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  5. Faceless, prejudiced and unaccountable quango puts PR above resolution and learning – ignorantly rejected complaints of serious mental health failures yet very sadly many more die from same abuse nationally. Bereaved see continued abuse and suffer extended trauma mocked by PHSO caseworkers & leading figures. Trauma after my son’s avoidable death was obvious but PHSO took advantage & ensured I needed extended treatment and medication just to cope with inept and anal PHSO responses.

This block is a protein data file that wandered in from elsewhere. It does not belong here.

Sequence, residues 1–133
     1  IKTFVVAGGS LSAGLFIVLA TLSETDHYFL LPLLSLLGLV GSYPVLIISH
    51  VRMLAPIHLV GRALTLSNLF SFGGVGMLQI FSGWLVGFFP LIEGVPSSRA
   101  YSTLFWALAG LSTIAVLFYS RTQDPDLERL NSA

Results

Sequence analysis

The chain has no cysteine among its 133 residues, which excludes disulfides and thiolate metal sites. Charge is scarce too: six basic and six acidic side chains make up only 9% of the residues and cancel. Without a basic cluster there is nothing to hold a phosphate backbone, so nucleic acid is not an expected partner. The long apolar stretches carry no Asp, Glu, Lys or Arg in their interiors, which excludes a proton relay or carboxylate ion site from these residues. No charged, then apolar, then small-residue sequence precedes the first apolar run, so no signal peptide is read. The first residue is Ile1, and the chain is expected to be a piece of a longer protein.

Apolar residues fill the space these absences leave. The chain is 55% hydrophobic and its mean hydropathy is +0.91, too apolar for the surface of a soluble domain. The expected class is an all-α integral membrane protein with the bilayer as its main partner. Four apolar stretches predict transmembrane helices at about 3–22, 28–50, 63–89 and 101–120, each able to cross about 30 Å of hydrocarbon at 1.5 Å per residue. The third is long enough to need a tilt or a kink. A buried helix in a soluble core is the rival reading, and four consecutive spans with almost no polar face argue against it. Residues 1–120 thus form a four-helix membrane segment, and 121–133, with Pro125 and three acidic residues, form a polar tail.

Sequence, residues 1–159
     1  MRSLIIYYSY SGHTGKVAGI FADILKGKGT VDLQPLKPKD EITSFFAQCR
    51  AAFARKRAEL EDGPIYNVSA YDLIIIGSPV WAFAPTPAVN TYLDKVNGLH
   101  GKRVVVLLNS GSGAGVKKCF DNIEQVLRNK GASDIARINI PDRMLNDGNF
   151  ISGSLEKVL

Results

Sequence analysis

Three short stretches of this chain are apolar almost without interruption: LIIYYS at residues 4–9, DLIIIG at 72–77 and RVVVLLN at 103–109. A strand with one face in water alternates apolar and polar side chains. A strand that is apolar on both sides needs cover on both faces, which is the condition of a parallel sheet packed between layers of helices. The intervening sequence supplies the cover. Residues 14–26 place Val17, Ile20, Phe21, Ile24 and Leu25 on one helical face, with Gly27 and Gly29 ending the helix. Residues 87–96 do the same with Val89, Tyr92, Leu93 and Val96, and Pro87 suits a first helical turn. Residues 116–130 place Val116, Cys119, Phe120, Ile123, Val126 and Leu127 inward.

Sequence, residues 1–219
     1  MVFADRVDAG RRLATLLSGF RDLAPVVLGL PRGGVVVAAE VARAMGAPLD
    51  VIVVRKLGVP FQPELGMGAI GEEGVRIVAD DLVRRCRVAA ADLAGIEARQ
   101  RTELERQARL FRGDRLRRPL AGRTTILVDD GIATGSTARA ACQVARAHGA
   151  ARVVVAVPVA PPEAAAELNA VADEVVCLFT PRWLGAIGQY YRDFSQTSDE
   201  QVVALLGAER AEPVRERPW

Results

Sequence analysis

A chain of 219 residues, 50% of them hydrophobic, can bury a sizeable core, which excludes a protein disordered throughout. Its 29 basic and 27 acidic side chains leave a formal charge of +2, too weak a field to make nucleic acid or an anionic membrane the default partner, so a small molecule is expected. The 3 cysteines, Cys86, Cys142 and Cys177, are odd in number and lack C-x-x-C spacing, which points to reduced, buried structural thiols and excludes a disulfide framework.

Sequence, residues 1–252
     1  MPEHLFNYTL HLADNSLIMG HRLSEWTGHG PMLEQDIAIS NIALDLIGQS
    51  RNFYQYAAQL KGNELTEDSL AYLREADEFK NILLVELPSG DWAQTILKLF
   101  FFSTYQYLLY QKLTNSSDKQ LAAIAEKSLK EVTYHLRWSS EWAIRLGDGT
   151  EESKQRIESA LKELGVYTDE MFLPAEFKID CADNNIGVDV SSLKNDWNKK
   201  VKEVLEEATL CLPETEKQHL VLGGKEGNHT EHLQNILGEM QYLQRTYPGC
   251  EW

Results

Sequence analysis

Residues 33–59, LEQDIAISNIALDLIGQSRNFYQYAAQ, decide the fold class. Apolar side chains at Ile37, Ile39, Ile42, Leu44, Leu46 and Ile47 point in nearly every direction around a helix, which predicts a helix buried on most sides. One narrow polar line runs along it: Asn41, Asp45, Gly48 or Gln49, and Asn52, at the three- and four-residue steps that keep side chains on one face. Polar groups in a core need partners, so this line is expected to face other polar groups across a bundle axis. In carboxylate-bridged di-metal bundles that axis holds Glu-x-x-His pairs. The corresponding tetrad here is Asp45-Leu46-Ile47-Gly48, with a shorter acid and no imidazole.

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  6. Pingback: 2663 reasons why the Parliamentary Ombudsman is not working | Westminster Confidential

  7. How come our pension was changed so quickly yet the next rise to 68 doesn’t happen until 2046 that’s a massive difference !